ATASCADERO — What started as a social media support group for parents with special-needs children grew into Parents for Joy, the organization that produced the $1.2 million all-inclusive Joy Playground. It opened to the public on April 5.
“A lot of us met when our kids were in preschool,” Atascadero mom Sarah Sullivan said. “The teacher realized that we were all kind of in the same place and did not really have any friends that understood what we were going through, so she put together a Facebook group.”
When Sullivan and Jenell Allen first pitched the unique play area concept to the City of Atascadero in 2013 they had no idea the years of planning and fundraising that lay ahead for them. Sullivan said it was hard enough for her just to address the Council in a public forum, let alone co-found a nonprofit and help design a one-of-a-kind children’s park. The Council gave Sullivan and Allen a green light to research the idea and the two in turn founded Parents for Joy to spearhead the project.
Sullivan said that the inclusiveness for special needs children was a learning experience for her and the community. Even though some things were evident to her, for example, it was obvious that her son’s wheelchair could not go on sand or wood chips, she said other people may not understand the children’s limitations.
Part of the playground’s development involves educating the public, for instance, there were concerns voiced about having a fence surrounding the facility. Parents for Joy explained that the barrier was needed to stop some children from “eloping” a term that describes how cognitive challenged or special needs children may wander or run away from a caregiving facility or environment. Metal slides were also a point of contention that the group had to inform people about.
“We put in stainless steel slides and people were very upset about it because it can get so hot, but they were put in for kids that have cochlear implants. If they went down a plastic slide, the static electricity would shock their implant and they would have to go back and get it fixed,” Sullivan explained. “I didn’t know that. That was something that I looked up.”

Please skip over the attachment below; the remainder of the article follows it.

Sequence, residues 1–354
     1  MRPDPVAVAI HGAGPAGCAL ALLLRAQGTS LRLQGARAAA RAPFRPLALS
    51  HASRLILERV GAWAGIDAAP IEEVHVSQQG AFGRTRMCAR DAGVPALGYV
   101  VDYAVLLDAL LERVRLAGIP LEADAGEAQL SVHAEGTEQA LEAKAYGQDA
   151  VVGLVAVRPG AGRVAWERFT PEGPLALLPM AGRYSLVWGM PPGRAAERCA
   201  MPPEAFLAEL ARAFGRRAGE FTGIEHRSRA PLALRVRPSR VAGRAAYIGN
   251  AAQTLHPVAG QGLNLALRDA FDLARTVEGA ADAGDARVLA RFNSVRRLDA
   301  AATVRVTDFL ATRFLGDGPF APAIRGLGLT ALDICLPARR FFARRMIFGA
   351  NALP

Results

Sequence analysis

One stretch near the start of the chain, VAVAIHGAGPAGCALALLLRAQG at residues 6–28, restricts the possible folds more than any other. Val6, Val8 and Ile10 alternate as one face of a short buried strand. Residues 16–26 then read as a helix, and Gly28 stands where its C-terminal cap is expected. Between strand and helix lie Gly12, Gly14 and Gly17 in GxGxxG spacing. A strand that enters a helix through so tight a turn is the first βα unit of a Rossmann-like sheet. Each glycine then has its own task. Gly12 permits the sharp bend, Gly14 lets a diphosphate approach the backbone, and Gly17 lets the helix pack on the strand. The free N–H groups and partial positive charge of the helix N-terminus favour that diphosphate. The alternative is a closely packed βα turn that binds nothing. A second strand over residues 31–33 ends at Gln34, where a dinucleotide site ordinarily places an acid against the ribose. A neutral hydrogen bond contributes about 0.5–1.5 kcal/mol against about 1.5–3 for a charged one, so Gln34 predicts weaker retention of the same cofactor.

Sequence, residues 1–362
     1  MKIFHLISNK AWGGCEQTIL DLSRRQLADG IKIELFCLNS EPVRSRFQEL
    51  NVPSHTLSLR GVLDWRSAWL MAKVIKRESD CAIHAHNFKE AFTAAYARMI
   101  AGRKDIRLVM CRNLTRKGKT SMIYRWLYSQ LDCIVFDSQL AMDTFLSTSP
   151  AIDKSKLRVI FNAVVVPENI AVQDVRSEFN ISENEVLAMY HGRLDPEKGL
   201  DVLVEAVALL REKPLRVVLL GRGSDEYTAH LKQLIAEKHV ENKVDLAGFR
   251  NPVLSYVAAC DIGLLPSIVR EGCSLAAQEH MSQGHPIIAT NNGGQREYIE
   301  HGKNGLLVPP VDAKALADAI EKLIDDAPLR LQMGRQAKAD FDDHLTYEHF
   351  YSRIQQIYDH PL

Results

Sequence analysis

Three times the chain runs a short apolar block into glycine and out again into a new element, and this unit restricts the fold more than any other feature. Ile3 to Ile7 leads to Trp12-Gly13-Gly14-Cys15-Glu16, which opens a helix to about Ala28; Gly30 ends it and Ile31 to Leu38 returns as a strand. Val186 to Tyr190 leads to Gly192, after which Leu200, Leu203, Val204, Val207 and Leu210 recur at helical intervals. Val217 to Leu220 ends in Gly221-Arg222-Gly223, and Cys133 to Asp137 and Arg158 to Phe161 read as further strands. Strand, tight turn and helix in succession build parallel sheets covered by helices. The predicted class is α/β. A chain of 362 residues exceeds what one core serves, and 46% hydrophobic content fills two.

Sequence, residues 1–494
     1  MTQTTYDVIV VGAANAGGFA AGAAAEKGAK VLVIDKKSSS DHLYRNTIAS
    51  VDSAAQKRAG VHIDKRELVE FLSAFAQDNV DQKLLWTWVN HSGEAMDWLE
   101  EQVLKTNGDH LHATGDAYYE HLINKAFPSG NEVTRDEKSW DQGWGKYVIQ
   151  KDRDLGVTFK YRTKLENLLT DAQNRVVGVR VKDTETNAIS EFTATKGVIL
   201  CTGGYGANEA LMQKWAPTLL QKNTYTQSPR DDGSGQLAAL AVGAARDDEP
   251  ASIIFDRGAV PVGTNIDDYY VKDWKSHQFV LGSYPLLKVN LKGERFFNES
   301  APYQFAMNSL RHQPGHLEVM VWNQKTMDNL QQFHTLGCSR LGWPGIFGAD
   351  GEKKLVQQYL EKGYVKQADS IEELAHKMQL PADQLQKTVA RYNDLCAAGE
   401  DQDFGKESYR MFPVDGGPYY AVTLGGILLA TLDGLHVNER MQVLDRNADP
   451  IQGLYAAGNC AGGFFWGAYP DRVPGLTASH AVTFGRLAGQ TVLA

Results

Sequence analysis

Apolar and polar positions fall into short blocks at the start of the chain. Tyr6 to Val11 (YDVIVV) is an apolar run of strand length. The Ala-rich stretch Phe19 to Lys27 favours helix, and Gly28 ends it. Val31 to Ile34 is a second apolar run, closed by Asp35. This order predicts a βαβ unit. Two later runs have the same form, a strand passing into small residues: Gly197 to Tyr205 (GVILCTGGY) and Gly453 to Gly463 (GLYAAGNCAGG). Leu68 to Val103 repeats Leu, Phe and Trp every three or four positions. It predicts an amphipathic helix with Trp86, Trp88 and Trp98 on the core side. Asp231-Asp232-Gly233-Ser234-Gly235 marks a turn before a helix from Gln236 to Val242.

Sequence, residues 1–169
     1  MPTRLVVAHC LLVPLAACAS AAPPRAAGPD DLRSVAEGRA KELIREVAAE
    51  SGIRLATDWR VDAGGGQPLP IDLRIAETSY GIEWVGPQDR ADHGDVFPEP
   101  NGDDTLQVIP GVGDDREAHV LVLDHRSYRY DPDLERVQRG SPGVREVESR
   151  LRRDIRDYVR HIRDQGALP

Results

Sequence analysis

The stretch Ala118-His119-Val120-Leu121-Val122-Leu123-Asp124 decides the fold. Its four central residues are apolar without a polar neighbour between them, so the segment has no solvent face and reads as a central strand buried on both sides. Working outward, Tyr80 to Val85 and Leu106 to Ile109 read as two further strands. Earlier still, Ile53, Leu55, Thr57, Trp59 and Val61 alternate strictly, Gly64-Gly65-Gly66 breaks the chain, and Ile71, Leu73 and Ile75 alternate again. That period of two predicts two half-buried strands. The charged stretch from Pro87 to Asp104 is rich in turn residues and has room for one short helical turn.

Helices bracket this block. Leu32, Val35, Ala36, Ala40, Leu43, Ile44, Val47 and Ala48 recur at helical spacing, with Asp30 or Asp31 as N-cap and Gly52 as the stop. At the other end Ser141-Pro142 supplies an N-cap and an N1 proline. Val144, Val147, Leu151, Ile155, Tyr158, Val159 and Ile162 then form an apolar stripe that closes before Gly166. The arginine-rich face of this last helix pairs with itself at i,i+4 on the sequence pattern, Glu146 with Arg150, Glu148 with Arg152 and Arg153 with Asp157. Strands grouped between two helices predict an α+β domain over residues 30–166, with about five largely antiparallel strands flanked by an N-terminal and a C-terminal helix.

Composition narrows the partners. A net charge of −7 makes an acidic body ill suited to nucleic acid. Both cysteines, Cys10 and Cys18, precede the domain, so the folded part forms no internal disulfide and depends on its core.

The park did its best to negate the heat on the steel slides by avoiding facing them south, where they would be exposed to the most direct sunlight. Sullivan said Parents for Joy is always open to improve the fun area. Currently, the group is working on creating more shade for the facility.
In the past, parents like Allen who has one child with special needs did not have a place to go where the rest of her children could play together. Now she can take all of the kids to the playground and they all can play side by side and she does not have to worry about the special needs child being left behind. Sullivan said getting all types of children together helps facilitate interactions that may normally be missed.
“It’s amazing to see, what we call typical children, playing alongside kids with different needs and just enjoying playing next to each other and making friends,” Sulliavan said.
Parents for Joy celebrates two awards for its work to better the community. On Friday, Nov. 15 at its Fall Forum the California Park and Recreation Society’s Awards Program will recognize the organization for its outstanding contributions to the community. Also, Atascadero Chamber of Commerce named Parents for Joy the 2019 Community Organization of the Year. The recognition for the nonprofit’s outstanding achievements will be recognized on
Jan. 25, 2020.